What To Know Today
DOJ takes steps on two of Biden’s gun violence agenda promises. The Justice Department fulfilled two pledges announced in April by President Joe Biden and Attorney General Merrick Garland. First, the Bureau of Alcohol, Tobacco, Firearms and Explosives proposed a rule regulating pistol-stabilizing braces. The accessories, which can increase the accuracy of AR-style pistols, came under scrutiny after one was implicated in a mass shooting in Boulder, Colorado, in March. Under the proposed rule, which will have a 90-day comment period, the ATF would regulate the items under the National Firearms Act and require federal registration. Secondly, the DOJ wrote a model legislation for states wanting to enact laws that allow judges to temporarily take guns away from people deemed a threat. “The Justice Department is determined to take concrete steps to reduce the tragic toll of gun violence in our communities,” said Garland in a statement.
San Francisco DA spreads the word about the state’s red flag law. As we covered yesterday, a survey out of UC Davis found a majority (66 percent) of Californians were unaware of the state’s gun violence restraining order law, even though a majority — including a majority of gun owners — also indicated support for such orders. To overcome the awareness gap, the office of San Francisco District Attorney Chesa Boudin launched a new public information campaign in English, Spanish, and Chinese, calling the effort to teach people how to use the law “a critical component in keeping our community safe.” More from The Trace: The outreach evokes efforts by San Diego City Attorney Mara Elliott, who has become a national leader in using red flag orders.
After a record-setting 2020 dip, jail populations are creeping back up. That’s according to data from the Vera Institute of Justice first shared with The Marshall Project and the Associated Press. The number of people in county jails serving short sentences or awaiting trial dipped under 600,000 last year, amid pandemic lockdowns, for the first time since 2000. But after sharply dropping from 758,000 to 573,000, the numbers have gone back up to nearly 650,000, close to the pre-pandemic mark. That’s a notable divergence from the decline in people serving longer sentences in federal and state prisons, which currently stands at 1.2 million — the lowest level since 2000.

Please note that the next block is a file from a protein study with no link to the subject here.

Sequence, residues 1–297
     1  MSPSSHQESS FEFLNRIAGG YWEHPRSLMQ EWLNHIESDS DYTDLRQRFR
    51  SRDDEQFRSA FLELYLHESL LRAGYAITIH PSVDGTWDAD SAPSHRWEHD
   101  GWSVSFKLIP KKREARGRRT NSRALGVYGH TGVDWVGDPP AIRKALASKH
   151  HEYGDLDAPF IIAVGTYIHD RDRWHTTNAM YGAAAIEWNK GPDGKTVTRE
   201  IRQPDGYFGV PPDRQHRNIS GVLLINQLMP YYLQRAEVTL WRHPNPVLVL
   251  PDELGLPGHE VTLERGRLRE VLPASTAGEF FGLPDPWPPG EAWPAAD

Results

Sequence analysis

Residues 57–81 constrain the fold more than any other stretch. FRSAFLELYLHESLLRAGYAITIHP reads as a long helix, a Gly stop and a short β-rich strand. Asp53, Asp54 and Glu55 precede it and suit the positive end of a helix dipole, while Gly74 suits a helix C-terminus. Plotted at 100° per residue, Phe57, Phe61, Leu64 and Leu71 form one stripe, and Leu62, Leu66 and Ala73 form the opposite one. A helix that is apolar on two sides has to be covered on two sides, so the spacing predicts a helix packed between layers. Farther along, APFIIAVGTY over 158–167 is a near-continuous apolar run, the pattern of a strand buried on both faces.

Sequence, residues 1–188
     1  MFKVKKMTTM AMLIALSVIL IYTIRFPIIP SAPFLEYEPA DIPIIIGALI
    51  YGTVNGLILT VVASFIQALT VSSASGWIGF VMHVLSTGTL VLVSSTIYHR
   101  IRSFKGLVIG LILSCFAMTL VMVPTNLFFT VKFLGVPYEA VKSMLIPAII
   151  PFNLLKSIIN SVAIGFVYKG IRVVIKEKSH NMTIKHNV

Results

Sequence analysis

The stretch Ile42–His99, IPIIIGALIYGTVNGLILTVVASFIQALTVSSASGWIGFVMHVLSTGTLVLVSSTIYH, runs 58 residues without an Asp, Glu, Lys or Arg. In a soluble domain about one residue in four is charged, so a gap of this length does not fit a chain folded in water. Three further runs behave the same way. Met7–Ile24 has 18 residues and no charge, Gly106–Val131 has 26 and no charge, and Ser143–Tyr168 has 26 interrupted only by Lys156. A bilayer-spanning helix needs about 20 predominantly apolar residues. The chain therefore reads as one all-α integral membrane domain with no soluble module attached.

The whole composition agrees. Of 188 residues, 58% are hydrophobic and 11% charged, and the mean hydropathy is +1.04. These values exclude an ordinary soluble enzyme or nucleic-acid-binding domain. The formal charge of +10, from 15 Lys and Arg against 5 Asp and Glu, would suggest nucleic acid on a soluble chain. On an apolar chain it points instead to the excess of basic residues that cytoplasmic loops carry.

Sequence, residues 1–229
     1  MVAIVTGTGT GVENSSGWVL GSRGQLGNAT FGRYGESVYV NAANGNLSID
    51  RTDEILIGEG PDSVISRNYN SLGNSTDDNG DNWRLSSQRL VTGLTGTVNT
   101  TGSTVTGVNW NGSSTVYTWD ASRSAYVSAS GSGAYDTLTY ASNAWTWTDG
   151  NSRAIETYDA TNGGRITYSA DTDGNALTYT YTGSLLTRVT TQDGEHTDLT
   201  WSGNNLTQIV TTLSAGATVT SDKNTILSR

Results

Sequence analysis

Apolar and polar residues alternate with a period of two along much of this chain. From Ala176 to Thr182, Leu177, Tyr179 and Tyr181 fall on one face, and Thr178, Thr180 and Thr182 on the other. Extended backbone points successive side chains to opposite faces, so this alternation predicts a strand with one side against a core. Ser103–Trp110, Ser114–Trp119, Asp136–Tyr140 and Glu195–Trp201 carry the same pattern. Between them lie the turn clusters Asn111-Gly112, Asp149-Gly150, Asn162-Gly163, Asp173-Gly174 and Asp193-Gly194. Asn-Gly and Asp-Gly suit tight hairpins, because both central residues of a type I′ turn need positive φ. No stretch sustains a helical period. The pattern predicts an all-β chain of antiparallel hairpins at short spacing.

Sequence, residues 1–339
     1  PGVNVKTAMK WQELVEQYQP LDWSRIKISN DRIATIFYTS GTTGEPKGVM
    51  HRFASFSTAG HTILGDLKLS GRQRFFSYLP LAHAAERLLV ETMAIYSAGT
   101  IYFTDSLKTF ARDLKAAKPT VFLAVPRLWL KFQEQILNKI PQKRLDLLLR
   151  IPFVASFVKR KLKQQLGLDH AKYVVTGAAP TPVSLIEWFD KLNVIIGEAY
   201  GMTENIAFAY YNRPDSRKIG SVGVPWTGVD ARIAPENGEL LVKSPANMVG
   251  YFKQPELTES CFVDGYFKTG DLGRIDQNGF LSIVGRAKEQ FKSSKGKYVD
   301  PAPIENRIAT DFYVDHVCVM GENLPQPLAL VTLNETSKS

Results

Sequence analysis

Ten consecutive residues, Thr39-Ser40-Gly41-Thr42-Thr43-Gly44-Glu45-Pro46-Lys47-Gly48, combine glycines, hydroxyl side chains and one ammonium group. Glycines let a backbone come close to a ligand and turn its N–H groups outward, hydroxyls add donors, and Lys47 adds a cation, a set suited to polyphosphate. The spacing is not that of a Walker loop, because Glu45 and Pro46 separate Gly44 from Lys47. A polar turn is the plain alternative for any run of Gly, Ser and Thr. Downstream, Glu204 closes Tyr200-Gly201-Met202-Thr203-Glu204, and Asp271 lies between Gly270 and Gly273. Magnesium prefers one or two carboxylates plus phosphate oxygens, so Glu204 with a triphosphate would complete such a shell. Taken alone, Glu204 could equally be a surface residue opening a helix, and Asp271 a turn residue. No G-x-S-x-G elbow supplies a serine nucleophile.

U.S. marshals fatally shot a Black Minneapolis resident last week. His family wants answers. Winston Boogie Smith, Jr., 32, died after members of a federal task force shot him while serving a search warrant on a gun charge. Smith’s family is demanding more transparency in the case, including releasing any video footage. But the state body investigating said such video doesn’t exist because local officers deputized as U.S. marshals aren’t allowed to wear body cameras. A February investigation by The Marshall Project found that U.S. marshals regularly shoot people at higher rates than police departments, and often face less accountability.
$100 million — the Justice Department’s budget request for “emerging domestic terrorism threats,” including beefing prosecutorial power for ongoing cases and hiring new agents and other positions targeting domestic terrorism. The total requested budget for all international and domestic terrorism is $1.6 billion. [HuffPost]